Kiril Sokoloff, with whom I have exchanged book notes now and then, is the renowned writer of “13D”, a widely-respected monthly analysis of world financial trends, and one of the most and prodigious readers and laconic writers on our planet, and a fellow-devotee of Roberts’ modern classic, Shantaram. Kiril was kind enough to give me Birdsong. While I much appreciated his gesture, I did not share all of his enthusiasm for Birdsong, but, considering Kiril’s intellect, Birdsong merits attention.
The novel spans three generations, from WWI to the present. It is a story of war, love and tragedy. Faulks’ descriptions reveal an admirably microscopic eye for detail, research and a memory of daunting depth, which often keeps the reader transfixed. There, for me, however, ended the joy of this journey. Faulks’ dialogue seems often awkward and affected. A key plot deals with a clothing factory, about which the author reveals no firsthand experience, and despite his study of it, there is something contrived about it. Well over half of the text dwells on the morbid details of WWI, in the trenches, the bloody, rotting bodies and other macabre aspects of it, and an obsession with death, “the long darkness of death” (an obsession common to so many writers – and readers, apparently). Combined with the sometimes stilted dialogue, it has the ring of fiction, not reality. Great fiction is generally grounded in autobiography to one degree or another, not so with Birdsong. Also, his grammar is marred by prepositional endings, run-on sentences, etc. Oddly, he often begins his dialogue, “Stephen said…”, halting the flow of ideas, rather than adding it after the thought or phrasing it so that the identity of the speaker is apparent. Faulks needs a playwright to help move his dialogue along.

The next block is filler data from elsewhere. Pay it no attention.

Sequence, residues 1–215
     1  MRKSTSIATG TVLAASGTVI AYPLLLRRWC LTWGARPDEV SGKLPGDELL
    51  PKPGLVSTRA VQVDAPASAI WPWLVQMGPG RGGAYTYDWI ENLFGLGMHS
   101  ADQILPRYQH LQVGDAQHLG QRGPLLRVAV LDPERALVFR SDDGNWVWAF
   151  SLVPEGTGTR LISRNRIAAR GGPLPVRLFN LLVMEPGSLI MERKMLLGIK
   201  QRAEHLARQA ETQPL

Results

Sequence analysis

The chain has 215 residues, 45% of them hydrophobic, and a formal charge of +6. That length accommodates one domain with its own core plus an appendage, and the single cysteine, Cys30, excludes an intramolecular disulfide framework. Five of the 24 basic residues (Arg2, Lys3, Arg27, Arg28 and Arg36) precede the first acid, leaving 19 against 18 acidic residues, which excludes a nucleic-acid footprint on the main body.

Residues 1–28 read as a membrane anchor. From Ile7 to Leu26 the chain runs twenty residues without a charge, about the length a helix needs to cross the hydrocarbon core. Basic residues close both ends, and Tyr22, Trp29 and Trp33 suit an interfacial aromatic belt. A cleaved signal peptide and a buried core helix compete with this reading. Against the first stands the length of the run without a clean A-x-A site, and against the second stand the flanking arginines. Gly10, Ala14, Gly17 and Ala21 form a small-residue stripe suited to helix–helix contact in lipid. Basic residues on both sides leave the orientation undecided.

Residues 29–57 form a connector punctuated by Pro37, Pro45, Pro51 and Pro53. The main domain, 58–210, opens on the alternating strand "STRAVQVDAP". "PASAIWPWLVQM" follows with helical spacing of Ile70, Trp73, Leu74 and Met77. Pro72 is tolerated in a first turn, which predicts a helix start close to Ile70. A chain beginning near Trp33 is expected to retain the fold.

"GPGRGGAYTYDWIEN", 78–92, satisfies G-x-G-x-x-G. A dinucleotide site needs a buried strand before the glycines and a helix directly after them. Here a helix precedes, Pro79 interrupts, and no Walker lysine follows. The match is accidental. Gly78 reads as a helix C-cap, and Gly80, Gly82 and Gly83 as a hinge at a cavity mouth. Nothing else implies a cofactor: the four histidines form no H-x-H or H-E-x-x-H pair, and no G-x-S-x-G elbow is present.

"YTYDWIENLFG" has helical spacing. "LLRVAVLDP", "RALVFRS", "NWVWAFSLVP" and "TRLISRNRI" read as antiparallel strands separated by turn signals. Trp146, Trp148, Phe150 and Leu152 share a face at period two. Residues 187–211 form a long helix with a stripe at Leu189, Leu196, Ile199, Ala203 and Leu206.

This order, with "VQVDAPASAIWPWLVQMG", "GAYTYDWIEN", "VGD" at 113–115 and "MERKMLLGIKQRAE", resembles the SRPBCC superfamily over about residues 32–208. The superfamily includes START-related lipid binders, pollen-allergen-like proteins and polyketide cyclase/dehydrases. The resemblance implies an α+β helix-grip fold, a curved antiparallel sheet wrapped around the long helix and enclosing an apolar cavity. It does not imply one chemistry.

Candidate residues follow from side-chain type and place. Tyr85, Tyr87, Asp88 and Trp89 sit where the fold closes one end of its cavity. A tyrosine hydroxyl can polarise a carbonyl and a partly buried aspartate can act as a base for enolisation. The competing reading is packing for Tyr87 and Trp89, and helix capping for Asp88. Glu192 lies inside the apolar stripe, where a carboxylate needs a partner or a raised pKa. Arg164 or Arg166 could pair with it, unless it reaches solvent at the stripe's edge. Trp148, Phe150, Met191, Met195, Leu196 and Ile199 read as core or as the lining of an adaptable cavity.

To compound these burdens, Faulks’ characters do things that seem improbable: for example, at age 20 and while on a picnic, his lead character, Stephen Wraysford, devotes his luncheon thoughts to the earth’s ultimate absorption of everyone present. Who, at age 20, has such dark thoughts and concerns about mortality, and at a picnic that is peopled by lovely young girls and other entertaining companions? Then, not long thereafter, Faulks has Stephen immersed in a torrid love scene with Isabella (who was also at the picnic), with lurid details rivaling a trash novel; and, during this intercourse, the characters’ dialogue doesn’t fit the occasion or people of their respective ages; e.g., Stephen triumphantly concludes their love-making by saying, “It was the right thing to do.” But is making love to another man’s wife ever “the right thing to do”? Whatever would this 20-year-old character know or care about it? Isn’t it more likely that he simply didn’t care and wouldn’t it be more realistic to conclude that he “let the wrong head do his thinking”? The author offers no logic to support his speculative conclusion, and the statement would only compound the guilt that Isabella likely felt. Then, Isabella leaves her husband to be with Stephen, and, within a year or so thereafter, she abandons Stephen with no explanation or even a parting note; how realistic is that? Later, the author suggests that it was her guilt that drove her away. Is that reasonable? Stephen continues to love Isabella to his dying breath, regardless; while such a deep love is fathomable (but rarely in one so young), can it survive total abandonment and do so forever? On balance, the unbelievable characters, affected dialogue, disruptive grammar and fabricated plots have the ring of contrivance and soon bored this reader to tears.
Sebastian Faulks was a journalist for 14 years, until he began writing novels fulltime. Published in 1993, Birdsong was his second and best known novel and still sells briskly. He is enormously successful and lives in London with his wife and two children. His success remains a mystery to me.